If a patron requests a copy of an entire work, the library can make the copy so long as it complies with the provisions of Section 108(e):
Warning of copyright
Sections 108(d)(2) and (e)(2) require that libraries warn patrons about copyright law, and the Copyright Office tells us exactly what the warning should say (2). The regulation requires that we inform the patron about certain facts (see below), but it does not require us to be sure that a patron is acting properly in making a request or require that he or she declare compliance with the law. The library is, however, permitted to deny requests that it believes would violate the law.
2 37 CFR Section 201.14. The warning can be found on pages 19 and 20 of Copyright Office Circular 21, "Reproduction of Copyrighted Works by Educators and Librarians." To find the warning quickly, search the document for 201.14.
Patron use of photocopy machines and computers in the library
Section 108(f)(1) lets us off the hook for unsupervised patron use of copying equipment located in the library so long as the library displays a notice that making copies may be subject to copyright law. Unlike the form of warning for patrons who request that the library make a copy for them, the Copyright Office does not mandate a particular form of notice. Following is a form of warning that most universities can be comfortable using. Note that it covers computer copies as well as photocopies. Place it prominently near the machines.
"Copying, displaying and distributing copyrighted works, may infringe the owner's copyright. The University's policy statement on fair use can help you determine whether your use of a copyrighted work may be an infringement. Any use of computer or duplicating facilities by students, faculty or staff for infringing use of copyrighted works is subject to appropriate disciplinary action as well as those civil remedies and criminal penalties provided by federal law."
Audiovisual news programs
Section 108(f)(3) permits libraries to make a limited number of copies of audiovisual news programs. Unlike other sections of the law that permit copying for patrons, section (f)(3) does not require that the copy become the property of the patron, so the library can retain and lend its copies. Audiovisual news programs include local, regional and national network newscasts, interviews concerning current events and on-the-spot news coverage of news events. The provision was not, however, intended to apply to news-magazines and documentaries (1).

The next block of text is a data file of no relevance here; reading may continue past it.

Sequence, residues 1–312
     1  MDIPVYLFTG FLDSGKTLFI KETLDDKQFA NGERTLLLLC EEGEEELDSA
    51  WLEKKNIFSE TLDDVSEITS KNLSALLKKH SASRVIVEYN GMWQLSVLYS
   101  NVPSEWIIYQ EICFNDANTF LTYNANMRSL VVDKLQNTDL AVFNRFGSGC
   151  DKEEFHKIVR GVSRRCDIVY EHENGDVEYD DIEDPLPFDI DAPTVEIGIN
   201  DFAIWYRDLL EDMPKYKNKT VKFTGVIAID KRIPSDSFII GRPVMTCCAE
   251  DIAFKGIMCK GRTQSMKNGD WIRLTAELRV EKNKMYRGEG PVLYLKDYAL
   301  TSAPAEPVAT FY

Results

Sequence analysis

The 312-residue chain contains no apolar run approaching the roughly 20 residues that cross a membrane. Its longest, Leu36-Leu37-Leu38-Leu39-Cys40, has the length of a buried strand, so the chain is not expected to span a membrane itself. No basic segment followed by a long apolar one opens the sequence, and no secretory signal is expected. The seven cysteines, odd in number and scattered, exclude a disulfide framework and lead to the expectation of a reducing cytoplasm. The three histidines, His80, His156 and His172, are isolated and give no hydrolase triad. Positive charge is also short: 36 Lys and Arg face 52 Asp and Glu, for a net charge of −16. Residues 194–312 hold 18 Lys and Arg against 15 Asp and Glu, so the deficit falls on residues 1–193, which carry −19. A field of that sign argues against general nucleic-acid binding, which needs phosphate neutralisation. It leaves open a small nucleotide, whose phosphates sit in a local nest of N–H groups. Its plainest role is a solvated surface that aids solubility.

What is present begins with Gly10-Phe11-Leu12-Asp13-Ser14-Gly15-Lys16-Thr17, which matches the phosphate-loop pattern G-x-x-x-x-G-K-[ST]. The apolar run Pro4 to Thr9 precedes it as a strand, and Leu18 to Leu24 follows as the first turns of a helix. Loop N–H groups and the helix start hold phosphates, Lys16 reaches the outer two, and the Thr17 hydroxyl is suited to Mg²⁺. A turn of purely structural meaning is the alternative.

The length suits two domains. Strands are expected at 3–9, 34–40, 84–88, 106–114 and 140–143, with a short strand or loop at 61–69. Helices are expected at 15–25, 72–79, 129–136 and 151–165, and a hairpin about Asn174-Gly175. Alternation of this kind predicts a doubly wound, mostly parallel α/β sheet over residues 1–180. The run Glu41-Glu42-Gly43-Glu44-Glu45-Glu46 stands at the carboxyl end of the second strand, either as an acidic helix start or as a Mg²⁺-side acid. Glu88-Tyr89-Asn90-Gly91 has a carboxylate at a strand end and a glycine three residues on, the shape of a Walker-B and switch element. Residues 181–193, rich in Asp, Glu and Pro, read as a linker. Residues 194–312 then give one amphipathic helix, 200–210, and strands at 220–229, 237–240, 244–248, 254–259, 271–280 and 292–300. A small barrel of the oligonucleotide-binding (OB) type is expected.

Library contracts can limit your Section 108 rights to copy
Section 108(f) (4) says that if you enter into a contract in the process of acquiring a work for your collection, and the contract limits your rights to copy in some way, the contract prevails over your statutory rights. In other words, you can contract away your rights under Section 108 as you might, for example, in acquiring private manuscripts or electronic databases.
Even if a contract eliminates the library's rights under Section 108, the bigger controversy is whether libraries may contractually eliminate either their own or their patrons' fair use rights. For example, a database license may (i) require the library to prevent patrons from making copies by requiring the library to post a notice that copying is prohibited; (ii) prohibit the library's making a reserve copy or (iii) require that permitted copies include a notice that further copying is prohibited. Would these prohibitions and requirements have any legal effect upon a patron's right to make copies under Section 107? The patron, after all, is not a party to the contract and even a vociferous copyright notice should not unilaterally extinguish a statutory privilege like fair use that embodies a fundamental principal of copyright law (2).
Some librarians may feel that compliance with a requirement to restrict fair use copying makes the library an agent of the vendor against its patrons, or at the least, a participant in the dissemination of misinformation if such prohibitions cannot really be enforced (3). Fortunately, libraries can avoid this unwanted result by careful attention to contracts with publishers: be sure that nothing in a contract between a library and an information provider affects a patron's or the library's right of fair use (4).
2 A quick check of copyright notices, especially on serial publications, would lead most readers to believe that they have absolutely no right to make any copies at all. But fair use removes any requirement to ask for permission and any liability for infringement. So, a unilateral attempt to exterminate fair use appears to do no more than intimidate.